Hartford, Connecticut Removes Christopher Columbus Statue Amid National Outcry

Hartford, Connecticut has removed a statue of Christopher Columbus that sat in the shadow of the state Capitol since 1926 amid a national outcry over statues honoring historical figures who participated in slavery and discrimination. After Mayor Luke Bronin vowed on June 15 to take the Columbus statue down, city workers quietly removed the monument Monday morning, finishing just before 7 a.m, according to The Hartford Courant.

Michael Looney, acting director of public works, told the paper that the statue would be placed in storage until the city determines what to do with it. "The emphasis is on getting it down and crated," he said. Bronin added in a statement to the paper that the city will continue to work with the Italian American community to find a "better way to honor and commemorate the Italian American community’s immense contributions to our community and our country."

"Even during his own life and by the standards of his own time, Columbus was known and punished for his extraordinary tyranny and brutality," he continued, "and there are better ways and more worthy heroes to honor the proud heritage and legacy of our Italian American community."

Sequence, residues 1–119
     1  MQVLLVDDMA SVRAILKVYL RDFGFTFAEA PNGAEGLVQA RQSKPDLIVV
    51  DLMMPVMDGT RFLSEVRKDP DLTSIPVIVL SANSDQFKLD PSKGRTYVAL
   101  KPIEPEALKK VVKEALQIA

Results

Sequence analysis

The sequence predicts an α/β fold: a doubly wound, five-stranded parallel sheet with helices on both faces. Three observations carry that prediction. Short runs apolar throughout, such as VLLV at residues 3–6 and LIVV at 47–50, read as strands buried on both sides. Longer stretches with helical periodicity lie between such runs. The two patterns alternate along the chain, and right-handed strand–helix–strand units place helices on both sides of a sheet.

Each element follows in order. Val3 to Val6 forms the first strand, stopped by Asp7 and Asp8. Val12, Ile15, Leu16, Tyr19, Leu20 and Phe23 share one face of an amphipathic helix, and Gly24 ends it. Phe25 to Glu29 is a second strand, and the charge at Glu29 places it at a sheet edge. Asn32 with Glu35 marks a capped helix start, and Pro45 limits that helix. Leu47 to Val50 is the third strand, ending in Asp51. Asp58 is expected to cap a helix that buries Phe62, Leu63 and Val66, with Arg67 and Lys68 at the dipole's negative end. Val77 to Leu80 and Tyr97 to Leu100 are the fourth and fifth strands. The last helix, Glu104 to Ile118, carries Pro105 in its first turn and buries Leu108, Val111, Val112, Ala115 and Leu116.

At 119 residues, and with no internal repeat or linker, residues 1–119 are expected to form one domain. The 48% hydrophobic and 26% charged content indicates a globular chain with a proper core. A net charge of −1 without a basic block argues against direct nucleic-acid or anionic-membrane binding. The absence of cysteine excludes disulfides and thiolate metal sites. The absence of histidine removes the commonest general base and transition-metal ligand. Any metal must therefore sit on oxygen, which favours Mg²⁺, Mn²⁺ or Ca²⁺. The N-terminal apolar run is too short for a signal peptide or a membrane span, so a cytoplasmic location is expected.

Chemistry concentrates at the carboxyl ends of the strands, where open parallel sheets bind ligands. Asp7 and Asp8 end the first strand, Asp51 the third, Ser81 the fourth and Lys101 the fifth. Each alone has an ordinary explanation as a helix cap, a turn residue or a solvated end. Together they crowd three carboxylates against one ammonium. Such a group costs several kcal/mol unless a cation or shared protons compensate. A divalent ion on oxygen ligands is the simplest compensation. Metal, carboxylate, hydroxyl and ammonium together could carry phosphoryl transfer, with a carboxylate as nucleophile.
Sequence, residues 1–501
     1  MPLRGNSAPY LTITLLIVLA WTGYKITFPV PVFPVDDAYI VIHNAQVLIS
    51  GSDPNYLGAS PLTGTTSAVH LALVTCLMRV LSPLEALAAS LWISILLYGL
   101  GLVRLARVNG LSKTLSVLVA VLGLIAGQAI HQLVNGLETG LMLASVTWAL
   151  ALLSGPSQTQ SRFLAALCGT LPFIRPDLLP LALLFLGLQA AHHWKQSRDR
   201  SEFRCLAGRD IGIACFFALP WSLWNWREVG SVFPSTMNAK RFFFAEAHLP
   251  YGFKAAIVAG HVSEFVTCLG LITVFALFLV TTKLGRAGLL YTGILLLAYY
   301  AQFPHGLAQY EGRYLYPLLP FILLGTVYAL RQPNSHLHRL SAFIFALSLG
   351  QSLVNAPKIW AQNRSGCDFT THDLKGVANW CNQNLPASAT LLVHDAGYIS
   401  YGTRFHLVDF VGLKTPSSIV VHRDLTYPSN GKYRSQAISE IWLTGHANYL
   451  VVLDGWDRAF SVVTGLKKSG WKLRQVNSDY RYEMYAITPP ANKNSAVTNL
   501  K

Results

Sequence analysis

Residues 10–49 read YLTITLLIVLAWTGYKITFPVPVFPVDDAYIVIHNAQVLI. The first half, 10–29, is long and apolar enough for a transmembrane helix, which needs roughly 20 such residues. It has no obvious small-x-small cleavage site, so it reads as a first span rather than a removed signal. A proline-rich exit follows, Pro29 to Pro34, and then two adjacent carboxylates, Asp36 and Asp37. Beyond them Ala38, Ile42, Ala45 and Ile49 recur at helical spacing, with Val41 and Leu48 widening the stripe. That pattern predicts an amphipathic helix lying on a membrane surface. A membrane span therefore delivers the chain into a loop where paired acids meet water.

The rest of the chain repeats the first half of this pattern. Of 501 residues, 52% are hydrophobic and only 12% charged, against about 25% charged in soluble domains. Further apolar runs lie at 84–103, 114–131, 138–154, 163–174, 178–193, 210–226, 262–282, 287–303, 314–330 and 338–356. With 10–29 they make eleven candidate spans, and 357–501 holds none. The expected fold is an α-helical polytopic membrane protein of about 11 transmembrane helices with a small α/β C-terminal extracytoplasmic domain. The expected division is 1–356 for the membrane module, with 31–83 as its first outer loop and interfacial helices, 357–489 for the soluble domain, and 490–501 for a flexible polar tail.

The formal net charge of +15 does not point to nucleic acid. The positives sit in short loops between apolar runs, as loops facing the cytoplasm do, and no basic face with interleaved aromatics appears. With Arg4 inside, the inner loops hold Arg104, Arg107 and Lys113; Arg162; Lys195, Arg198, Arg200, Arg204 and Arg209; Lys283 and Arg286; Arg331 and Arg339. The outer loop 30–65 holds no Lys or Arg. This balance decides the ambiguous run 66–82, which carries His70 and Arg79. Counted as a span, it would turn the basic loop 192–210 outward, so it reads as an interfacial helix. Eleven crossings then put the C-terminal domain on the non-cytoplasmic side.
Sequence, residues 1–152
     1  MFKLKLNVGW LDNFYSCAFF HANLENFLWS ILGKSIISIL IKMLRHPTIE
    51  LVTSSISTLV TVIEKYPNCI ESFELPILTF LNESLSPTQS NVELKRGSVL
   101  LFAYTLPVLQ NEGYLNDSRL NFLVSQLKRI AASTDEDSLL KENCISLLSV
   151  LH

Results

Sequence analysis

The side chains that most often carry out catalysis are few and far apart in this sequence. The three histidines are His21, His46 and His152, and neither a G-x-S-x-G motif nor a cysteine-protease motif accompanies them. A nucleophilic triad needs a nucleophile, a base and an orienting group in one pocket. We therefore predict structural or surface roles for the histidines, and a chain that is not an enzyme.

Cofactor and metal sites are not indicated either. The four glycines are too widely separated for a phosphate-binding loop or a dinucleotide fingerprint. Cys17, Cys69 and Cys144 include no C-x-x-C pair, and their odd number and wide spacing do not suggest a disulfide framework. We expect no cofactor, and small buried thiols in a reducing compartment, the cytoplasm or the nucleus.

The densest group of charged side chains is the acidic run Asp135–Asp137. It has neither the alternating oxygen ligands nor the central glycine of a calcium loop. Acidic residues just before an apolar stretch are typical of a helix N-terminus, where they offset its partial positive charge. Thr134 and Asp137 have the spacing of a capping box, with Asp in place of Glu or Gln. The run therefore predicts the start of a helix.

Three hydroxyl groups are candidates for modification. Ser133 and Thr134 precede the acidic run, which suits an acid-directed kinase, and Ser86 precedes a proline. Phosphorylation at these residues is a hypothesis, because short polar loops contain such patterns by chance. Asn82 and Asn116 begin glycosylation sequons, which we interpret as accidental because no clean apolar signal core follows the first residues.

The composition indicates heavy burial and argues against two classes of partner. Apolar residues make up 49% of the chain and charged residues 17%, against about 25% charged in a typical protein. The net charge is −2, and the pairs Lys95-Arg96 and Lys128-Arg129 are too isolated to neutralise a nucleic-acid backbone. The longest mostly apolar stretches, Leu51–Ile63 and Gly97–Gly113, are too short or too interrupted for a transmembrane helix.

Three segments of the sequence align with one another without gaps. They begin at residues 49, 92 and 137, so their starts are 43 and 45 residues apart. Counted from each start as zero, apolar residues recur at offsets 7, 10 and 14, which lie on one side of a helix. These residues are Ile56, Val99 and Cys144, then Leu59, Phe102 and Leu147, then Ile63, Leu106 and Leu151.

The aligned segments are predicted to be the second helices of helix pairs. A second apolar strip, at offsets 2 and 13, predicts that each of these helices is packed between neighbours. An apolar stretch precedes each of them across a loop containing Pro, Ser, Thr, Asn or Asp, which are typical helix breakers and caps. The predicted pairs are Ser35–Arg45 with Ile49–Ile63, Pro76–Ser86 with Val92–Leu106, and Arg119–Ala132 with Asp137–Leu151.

Hartford's is just one of the many statues of Columbus that were removed amid the ongoing protests against racism in the U.S. Earlier this month, a statue of the explorer in Boston’s Christopher Columbus Waterfront Park was beheaded, although a group lobbying for the statue's return told the Boston Herald they have heard the statue will eventually be restored.

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"We have an understanding with the mayor’s office that statute will be repaired and returned to the place it was before, but this time with better security and cameras to prevent vandalism from happening again," said Francis Mazzaglia of the Italian American Alliance.

The same day, a similar scene unfolded in Virginia's Byrd Park, where protesters used a rope to pull down the city's Columbus monument, pulling it approximately 200 yards and submerging it in Fountain Lake, according to the Richmond Times-Dispatch. Activist Chelsea Higgs-Wise told the crowd at the time, "We have to start where it all began — we have to start with the people who stood first on this land." Tamara Jenkins, a spokeswoman for the parks and recreation department, confirmed that the statue had since been removed from the lake and taken to an undisclosed location.